Fridays on KERA, the NPR station that tells me I live in the geographical region of "North Texas," Jeff Whittington hosts a program called Anything You Ever Wanted to Know. I know, from pledge drive banter, that Jeff inherited this program from the guy who started it, and I assume, from the general tenor of Jeff's voice, that maybe it's not a show he would have made.
The format involves people calling or emailing in questions and other people calling or emailing in answers. Where can I go salt water swimming in Dallas? Are ingredients listed in descending order of weight, or volume? I remember this much of a plot of a book, does anyone know its title? It's a motley garage sale of information and opinion, and I was starting to thing of it as Anything You Ever Wanted Someone Else to Google For You when I realized it has a finer point. I've grown a fondness for the questions people ask that don't fit neatly into a search engine—Hey, I saw some construction off Mockingbird, does anyone know what they're building? I'm a U.S. serviceman in Japan, does anyone know where I can resurface a nonstick pan?—the reminder that we are valuable to each other.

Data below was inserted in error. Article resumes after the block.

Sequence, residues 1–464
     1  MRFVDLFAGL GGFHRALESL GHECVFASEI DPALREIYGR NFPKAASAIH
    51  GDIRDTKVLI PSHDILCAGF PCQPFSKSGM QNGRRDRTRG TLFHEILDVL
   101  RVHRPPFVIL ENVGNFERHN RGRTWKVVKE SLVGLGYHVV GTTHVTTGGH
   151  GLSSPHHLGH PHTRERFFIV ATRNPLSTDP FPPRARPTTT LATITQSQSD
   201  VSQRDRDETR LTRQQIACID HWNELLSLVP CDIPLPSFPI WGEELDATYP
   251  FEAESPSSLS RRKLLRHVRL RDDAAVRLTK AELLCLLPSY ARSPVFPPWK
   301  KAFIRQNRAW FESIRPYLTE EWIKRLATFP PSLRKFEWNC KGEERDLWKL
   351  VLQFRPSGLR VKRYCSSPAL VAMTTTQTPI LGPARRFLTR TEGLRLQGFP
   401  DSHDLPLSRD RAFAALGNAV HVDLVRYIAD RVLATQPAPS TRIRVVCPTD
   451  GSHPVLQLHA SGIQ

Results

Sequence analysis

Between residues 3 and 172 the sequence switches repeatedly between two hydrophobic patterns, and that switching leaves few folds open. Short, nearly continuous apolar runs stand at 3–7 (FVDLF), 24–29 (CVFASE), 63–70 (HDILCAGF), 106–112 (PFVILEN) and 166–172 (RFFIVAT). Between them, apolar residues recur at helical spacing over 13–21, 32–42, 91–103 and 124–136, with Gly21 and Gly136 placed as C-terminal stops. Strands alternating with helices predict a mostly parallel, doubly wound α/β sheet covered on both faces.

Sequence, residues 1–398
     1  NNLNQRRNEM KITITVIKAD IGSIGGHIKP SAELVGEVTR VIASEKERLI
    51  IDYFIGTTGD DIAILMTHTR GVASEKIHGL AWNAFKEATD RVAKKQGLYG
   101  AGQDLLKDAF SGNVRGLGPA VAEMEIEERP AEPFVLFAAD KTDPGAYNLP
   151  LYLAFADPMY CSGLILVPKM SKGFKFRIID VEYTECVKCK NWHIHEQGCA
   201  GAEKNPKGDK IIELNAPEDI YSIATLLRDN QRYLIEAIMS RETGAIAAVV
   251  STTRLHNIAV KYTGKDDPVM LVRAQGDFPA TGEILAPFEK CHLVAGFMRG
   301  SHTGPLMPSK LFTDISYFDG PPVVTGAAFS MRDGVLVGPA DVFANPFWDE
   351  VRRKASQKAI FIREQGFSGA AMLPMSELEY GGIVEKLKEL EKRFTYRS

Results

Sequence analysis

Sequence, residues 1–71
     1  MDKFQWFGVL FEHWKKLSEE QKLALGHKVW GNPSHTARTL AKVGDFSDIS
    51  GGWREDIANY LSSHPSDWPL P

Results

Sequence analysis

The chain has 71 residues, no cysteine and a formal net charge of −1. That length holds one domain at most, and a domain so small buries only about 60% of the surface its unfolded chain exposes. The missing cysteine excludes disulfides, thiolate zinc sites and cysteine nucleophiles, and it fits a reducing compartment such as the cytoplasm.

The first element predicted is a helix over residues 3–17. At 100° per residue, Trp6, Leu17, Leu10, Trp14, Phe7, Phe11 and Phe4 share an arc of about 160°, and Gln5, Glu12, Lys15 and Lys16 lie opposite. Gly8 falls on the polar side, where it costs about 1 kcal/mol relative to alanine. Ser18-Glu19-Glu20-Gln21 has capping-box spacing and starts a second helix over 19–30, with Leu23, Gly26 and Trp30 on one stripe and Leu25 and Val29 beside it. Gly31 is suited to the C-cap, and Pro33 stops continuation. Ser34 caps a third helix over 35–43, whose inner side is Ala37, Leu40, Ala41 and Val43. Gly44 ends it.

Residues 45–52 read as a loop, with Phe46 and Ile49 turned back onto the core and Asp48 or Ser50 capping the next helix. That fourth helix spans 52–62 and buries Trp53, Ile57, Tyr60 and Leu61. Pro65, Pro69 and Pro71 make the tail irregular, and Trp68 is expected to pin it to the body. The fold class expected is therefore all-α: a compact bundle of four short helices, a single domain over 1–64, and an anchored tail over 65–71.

I was especially intrigued last month to discover the show goes on break and plays archived episodes, that somehow this is a thing you don't just hand over to a substitute host. It seemed a little like playing last year's news or reading the classified from six months ago. But I listened for a while, as I inevitably do, and heard my favorite question ever: How do you bake cookies on your dashboard? As I was waiting for someone to explain why this is a bad, bad idea for innumerable health code reasons, what I got was a flood of people adding their two cents. It would appear, and other local media confirm, that this is something we do in Dallas. Google suggests folks in Minnesota and Pennsylvania and Arizona do this, too, but still. We have to do something with million bajillion degree summers, and this, my friends, is our heat stroke inducing silver lining. I'm looking forward to a batch myself. Let me know how yours turn out.